Of the folly, not to say wickedness, of this principle, there can be no doubt. The vegetation which gives, demands food. The grass will wither without its fitting nutriment of manure, as the sheep would perish without the pasturage of the grass. Nature, in temperate and moist climates, is, so to speak, her own manurer, her own restorer. The sheep, which are as wild and active as goats, manure the Cumberland fells in which they feed. In the more cultivated sheep-walks (or, indeed, in the general pasturage) of the northern and some of the midland counties, women, with a wooden implement, may be continually seen in the later autumn, or earlier and milder winter, distributing the "stercoraceous treasure," as Cowper calls it, which the animals, to use the North Yorkshire word, have "dropped," as well as any extraneous manure which may have been spread for the purpose. As population and the demand for bread increase, the need of extraneous manures also increases; and Nature in her beneficence has provided that the greater the consumption of food, the greater shall be the promoters of its reproduction by what is loathsome to man, but demanded by vegetation. Liebig, as I shall afterwards show more fully, contends that many an arid and desolate region in the East, brown and burnt with barrenness, became a desolation because men understood not the restoration which all nature demands for the land. He declares that the now desolate regions of the East had been made desolate, because "the inhabitants did not understand the art of restoring exhausted soil." It would be hopeless now to form, or attempt to form, the "hanging gardens," or to display the rich florescence "round about Babylon," to be seen when Alexander the Great died in that city. The Tigris and Euphrates, before and after their junction, Liebig maintains, have carried, and, to a circumscribed degree, still carry, into the sea "a sufficient amount of manure for the reproduction of food for millions of human beings." It is said that, "could that matter only be arrested in its progress, and converted into bread and wine, fruit and beef, mutton and wool, linen and cotton, then cities might flourish once more in the desert, where men are now digging for the relics of primitive civilization, and discovering the symbols of luxury and ease beneath the barren sand and the sunburnt clay."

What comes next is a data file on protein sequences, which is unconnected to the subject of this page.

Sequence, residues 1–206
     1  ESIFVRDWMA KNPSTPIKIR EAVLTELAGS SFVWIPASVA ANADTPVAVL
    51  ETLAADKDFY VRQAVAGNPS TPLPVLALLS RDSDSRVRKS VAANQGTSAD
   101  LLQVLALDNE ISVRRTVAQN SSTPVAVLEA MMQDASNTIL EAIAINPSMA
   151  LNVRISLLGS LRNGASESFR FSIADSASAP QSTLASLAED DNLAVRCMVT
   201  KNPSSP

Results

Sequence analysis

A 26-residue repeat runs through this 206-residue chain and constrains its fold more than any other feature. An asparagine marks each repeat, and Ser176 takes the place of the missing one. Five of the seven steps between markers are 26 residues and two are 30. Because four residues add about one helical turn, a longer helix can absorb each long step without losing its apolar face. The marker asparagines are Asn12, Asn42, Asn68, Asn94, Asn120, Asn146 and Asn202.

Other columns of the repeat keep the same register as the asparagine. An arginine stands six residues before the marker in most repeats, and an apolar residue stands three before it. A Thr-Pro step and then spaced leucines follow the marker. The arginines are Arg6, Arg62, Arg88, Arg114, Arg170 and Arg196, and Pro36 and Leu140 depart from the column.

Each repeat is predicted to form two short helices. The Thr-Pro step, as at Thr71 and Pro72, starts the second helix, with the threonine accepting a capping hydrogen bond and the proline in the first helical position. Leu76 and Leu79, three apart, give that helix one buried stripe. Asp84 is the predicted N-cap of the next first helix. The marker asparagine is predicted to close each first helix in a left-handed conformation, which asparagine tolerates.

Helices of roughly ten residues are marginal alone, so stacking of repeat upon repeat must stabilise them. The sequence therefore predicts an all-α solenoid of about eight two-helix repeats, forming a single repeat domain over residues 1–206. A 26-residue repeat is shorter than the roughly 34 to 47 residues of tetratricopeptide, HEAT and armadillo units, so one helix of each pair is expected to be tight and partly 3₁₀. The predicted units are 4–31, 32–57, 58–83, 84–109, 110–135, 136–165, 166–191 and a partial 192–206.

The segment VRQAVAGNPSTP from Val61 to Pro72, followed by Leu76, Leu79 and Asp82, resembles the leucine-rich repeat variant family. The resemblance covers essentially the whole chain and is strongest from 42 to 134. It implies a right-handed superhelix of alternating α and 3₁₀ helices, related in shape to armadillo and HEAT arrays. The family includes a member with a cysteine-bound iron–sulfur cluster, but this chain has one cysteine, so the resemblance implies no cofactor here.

This is great evil; but in our metropolis there is a greater, a far greater, beyond all in degree, even if the same abuse exist elsewhere. What society with consent pronounces filth—the evacuations of the human body—is not only washed into the Thames, and the land so deprived of a vast amount of nutriment, but the tide washes these evacuations back again, with other abominations. The water we use is derived almost entirely from the Thames, and therefore the water in which we boil our vegetables and our meat, the water for our coffee and tea, the water brewed for our consumption, comes to us, and is imbibed by us, impregnated over and over again with our own animal offal. We import guano, and drink a solution of our own fæces: a manure which might be made far more valuable than the foreign guano.
Such are a few of the evils of making a common sewer of the neighbouring river.
The other mode of removal is, to convey the wet house-refuse, by drains, to a hole near the house where it is produced, and empty it periodically when full.
The house-drainage throughout London has characteristics. By system all excrementitious and slop refuse generally is carried usually along
|brick drains from the water-closets, privies, sinks, lavatories, &c., of the houses into the cesspools, where it accumulates until its removal (by manual labour) becomes necessary, which is not, as an average, more than once in years. By the other, and the newer system, all the house-refuse is drained into the public sewer, the cesspool system being thereby abolished. All the houses built or rebuilt since are constructed on the last-mentioned principle of drainage.
The of these modes is cesspoolage.
The is sewerage.
I shall deal with the sewerage of the metropolis.